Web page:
IP Addresses typically appear as four numbers delimited by periods, i.e. 220.127.116.11. Sometimes, however, an equivalent form known as an IP number is used the IP Number is a single integer. This is common in lookup tables, since in most programming situations it is easier to do comparisons with a simple integer. Conceptually the conversion between these two is simple, since the IP address is actually just a 4 digit number in base 256 (with the digits separated by periods).
Converting the IP address above to an IP number is 123*256^3+4*256^2+56*256+78 = 2063874126
The main challenge in execution is parsing the individual digits from the IP address from string form, since each base 256 digit may be 1, 2 or 3 decimal digits.
For completeness I also included the calculation in the other direction. The modulo operator % is the remainder term in integer division, it makes for a convenient way to change base.
From IP Address to IP Number:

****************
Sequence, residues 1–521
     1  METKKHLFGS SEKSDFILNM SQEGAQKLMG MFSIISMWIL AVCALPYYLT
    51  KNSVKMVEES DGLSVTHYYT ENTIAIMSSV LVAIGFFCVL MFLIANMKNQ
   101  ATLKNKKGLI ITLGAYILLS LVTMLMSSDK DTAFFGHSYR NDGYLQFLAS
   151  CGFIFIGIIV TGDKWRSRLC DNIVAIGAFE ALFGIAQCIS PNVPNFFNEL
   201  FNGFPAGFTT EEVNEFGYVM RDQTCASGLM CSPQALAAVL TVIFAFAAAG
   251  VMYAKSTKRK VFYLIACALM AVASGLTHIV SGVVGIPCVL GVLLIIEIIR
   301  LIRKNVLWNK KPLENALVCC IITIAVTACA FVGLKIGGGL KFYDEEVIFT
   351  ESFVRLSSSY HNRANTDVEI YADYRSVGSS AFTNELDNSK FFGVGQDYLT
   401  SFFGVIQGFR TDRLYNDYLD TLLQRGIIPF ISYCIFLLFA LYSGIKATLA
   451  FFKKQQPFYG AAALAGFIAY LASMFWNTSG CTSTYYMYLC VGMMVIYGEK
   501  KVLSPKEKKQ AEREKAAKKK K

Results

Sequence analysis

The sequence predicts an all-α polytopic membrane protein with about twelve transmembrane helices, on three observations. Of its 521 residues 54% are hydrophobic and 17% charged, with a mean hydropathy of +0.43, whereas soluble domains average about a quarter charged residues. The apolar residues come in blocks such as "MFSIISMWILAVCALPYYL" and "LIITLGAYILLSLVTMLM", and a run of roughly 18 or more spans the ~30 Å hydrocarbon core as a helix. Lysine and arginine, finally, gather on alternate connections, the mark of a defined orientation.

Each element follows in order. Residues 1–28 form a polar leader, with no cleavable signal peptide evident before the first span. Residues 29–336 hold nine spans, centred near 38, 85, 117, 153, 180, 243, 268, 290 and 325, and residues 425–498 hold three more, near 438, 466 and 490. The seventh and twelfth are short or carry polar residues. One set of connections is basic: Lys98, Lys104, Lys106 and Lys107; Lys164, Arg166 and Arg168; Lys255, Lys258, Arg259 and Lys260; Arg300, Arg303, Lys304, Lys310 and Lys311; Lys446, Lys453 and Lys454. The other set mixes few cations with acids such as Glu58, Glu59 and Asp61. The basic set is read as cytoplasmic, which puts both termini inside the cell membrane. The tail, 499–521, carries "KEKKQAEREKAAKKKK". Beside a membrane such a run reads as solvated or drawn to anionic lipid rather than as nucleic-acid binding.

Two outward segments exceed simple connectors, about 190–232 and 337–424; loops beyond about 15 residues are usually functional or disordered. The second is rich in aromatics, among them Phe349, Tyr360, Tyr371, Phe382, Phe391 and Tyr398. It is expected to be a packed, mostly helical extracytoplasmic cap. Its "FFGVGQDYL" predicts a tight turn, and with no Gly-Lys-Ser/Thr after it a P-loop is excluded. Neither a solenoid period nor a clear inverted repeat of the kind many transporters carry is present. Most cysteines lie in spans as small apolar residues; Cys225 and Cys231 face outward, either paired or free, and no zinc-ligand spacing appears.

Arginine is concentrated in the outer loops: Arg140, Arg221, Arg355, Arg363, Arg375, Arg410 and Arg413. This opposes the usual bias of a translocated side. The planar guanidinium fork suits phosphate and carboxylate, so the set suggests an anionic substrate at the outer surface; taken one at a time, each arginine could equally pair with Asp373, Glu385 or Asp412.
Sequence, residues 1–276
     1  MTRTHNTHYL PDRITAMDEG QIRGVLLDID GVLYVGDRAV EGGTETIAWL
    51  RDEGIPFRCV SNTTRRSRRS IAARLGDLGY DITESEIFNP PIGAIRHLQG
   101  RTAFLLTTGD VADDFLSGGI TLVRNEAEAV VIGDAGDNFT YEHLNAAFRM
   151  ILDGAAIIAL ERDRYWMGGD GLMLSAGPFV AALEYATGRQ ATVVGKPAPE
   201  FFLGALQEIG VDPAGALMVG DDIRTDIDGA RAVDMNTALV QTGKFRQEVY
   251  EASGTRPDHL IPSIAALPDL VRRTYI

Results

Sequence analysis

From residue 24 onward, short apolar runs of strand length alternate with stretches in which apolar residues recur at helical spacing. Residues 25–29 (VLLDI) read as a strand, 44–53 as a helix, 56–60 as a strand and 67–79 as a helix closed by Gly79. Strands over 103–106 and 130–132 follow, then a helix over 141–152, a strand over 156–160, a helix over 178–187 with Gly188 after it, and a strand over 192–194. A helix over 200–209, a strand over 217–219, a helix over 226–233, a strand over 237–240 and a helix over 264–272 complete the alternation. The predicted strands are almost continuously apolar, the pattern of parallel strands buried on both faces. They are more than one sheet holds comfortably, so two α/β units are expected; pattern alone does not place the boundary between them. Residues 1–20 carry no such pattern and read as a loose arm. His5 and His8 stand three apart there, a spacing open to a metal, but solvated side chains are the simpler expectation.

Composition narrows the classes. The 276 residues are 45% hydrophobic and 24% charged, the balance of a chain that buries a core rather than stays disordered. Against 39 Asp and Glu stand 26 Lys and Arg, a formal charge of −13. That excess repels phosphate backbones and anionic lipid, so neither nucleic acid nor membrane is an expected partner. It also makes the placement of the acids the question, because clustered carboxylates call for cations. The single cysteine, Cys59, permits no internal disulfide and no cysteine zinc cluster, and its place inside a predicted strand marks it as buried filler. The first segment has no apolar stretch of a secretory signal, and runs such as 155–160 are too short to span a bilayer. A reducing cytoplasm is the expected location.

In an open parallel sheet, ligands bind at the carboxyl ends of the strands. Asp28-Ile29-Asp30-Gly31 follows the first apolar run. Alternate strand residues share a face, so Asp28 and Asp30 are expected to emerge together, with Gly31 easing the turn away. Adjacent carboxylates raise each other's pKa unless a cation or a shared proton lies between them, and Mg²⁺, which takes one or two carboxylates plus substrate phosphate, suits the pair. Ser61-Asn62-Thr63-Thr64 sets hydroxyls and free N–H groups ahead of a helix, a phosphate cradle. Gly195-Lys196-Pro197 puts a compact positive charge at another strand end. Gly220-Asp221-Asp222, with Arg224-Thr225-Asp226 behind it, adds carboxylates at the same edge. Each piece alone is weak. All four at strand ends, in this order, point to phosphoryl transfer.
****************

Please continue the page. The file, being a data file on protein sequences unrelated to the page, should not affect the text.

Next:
//First compute the location of the delimiters, these are easiest to implement as 3 separate calculations.
//Once the delimiter positions are known, they can be used to parse out individual base 256 digits.
From IP Number to IP Address:
//Again, several calculations are used, first to create the individual digits, then to form the IP Address as a string
Parsing strings like this can be tricky, having done this several times from scratch and there there always seems to be some wrinkle. I thought it might be nice to document. That way I'll know where to find it next time.
I included a simple workbook that implements these calculations as an attachment.